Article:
Derrick Bell's Legacy

The story of Harvard Law School's first tenured African-American professor is hardly black and white

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“I remember him sauntering up to the front, and not giving us a lecture, but engaging us in a conversation. And speaking the truth,” Obama said of Bell in his speech at the time.

GROWING DIVERSE

The conversation that Bell started continues to play out at the Law School today.

The Law School faculty is significantly more diverse. In 1990, only five tenured professors were women and three tenured professors were black. In 2011, there were seven senior black professors, and 20 percent of all professors were women, compared with 12 percent in 1990. There were also three Asian senior faculty members, one senior Latino professor, and one senior Native American professor, presumed to be Elizabeth Warren. The first tenured black female professor was Lani Guinier ’71, who received tenure in 1998.

Growing a faculty takes decades, according to a Morris Ratner, a former student at the Law School who completed two years as a visiting professor. But a more diverse faculty translates to a more diverse learning experience, he added. “Faculty members’ life experience shape what they teach and how they teach, so we thought having a more diverse faculty would bring more diversity to the classroom,” he said.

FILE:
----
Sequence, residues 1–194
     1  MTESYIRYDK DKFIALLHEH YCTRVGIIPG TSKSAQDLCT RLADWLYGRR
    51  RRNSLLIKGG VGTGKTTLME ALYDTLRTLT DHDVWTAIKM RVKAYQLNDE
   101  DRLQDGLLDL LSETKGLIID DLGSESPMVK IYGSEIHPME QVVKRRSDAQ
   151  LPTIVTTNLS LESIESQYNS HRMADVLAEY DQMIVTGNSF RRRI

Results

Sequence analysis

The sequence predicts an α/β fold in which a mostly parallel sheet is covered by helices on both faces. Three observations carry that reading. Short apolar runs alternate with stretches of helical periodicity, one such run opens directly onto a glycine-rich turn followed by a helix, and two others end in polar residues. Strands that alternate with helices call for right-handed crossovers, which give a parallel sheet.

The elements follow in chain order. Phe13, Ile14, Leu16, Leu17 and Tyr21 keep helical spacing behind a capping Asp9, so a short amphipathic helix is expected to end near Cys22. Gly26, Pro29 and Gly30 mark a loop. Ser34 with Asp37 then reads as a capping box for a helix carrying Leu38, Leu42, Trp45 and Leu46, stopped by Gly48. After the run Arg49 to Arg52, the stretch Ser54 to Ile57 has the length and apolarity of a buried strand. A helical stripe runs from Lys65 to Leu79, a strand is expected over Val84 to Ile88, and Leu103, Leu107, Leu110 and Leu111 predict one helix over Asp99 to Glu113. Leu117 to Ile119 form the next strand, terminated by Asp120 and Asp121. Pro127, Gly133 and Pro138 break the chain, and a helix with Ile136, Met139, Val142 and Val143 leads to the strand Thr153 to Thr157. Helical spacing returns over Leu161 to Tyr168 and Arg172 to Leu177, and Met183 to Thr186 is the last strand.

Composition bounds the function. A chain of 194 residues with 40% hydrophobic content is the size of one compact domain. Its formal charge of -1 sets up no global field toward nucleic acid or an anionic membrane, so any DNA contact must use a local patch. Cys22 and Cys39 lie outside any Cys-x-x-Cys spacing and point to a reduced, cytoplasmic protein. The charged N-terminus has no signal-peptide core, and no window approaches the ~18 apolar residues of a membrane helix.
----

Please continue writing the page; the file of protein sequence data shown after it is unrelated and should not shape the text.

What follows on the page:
He continued that being able to relate to faculty members is important for students.

“Back when I was in law school, if you were a gay student, there was no openly gay faculty member that you could identify with on that very basic level of identity,” said Ratner. “It was that much harder to walk into office hours.”

‘THINK LIKE A LAWYER’

When Mack was a student, he said the Law School taught students how to “think like a lawyer”—in a very particular way.

“There was a sense in the ’80s that we were sorting good lawyers from bad lawyers, and that the mission of Harvard Law School was to teach—or perhaps impose—that on the student body,” Mack said.

Part of Bell’s departure was fueled by his belief that the scholarship produced by women and minorities was devalued by the Law School, which at the time opted for a prescribed, hierarchical conception of law and legal education.

But in the decades since Bell left, the faculty has diversified ideologically.

“More conservative faculty have been appointed in the last decade, and that’s a good thing,” said Charles J. Ogletree Jr., a professor at the Law School and director of the Charles Hamilton Houston Institute for Race and Justice.

Mack said that these recent hires show that the Law School has become more inclusive.

“I think that we are now much more humble about [the Law School’s] ability to define the rest of the world,” he said.

But while the Law School is more diverse than it used to be, the faculty still does not reflect the make-up of the U.S.

“I think there’s a long way to go,” Mack said. “One simply has to look at the faculty members and count” to see that the picture is not yet complete.

—Staff writer Caroline M. McKay can be reached at carolinemckay@college.harvard.edu.

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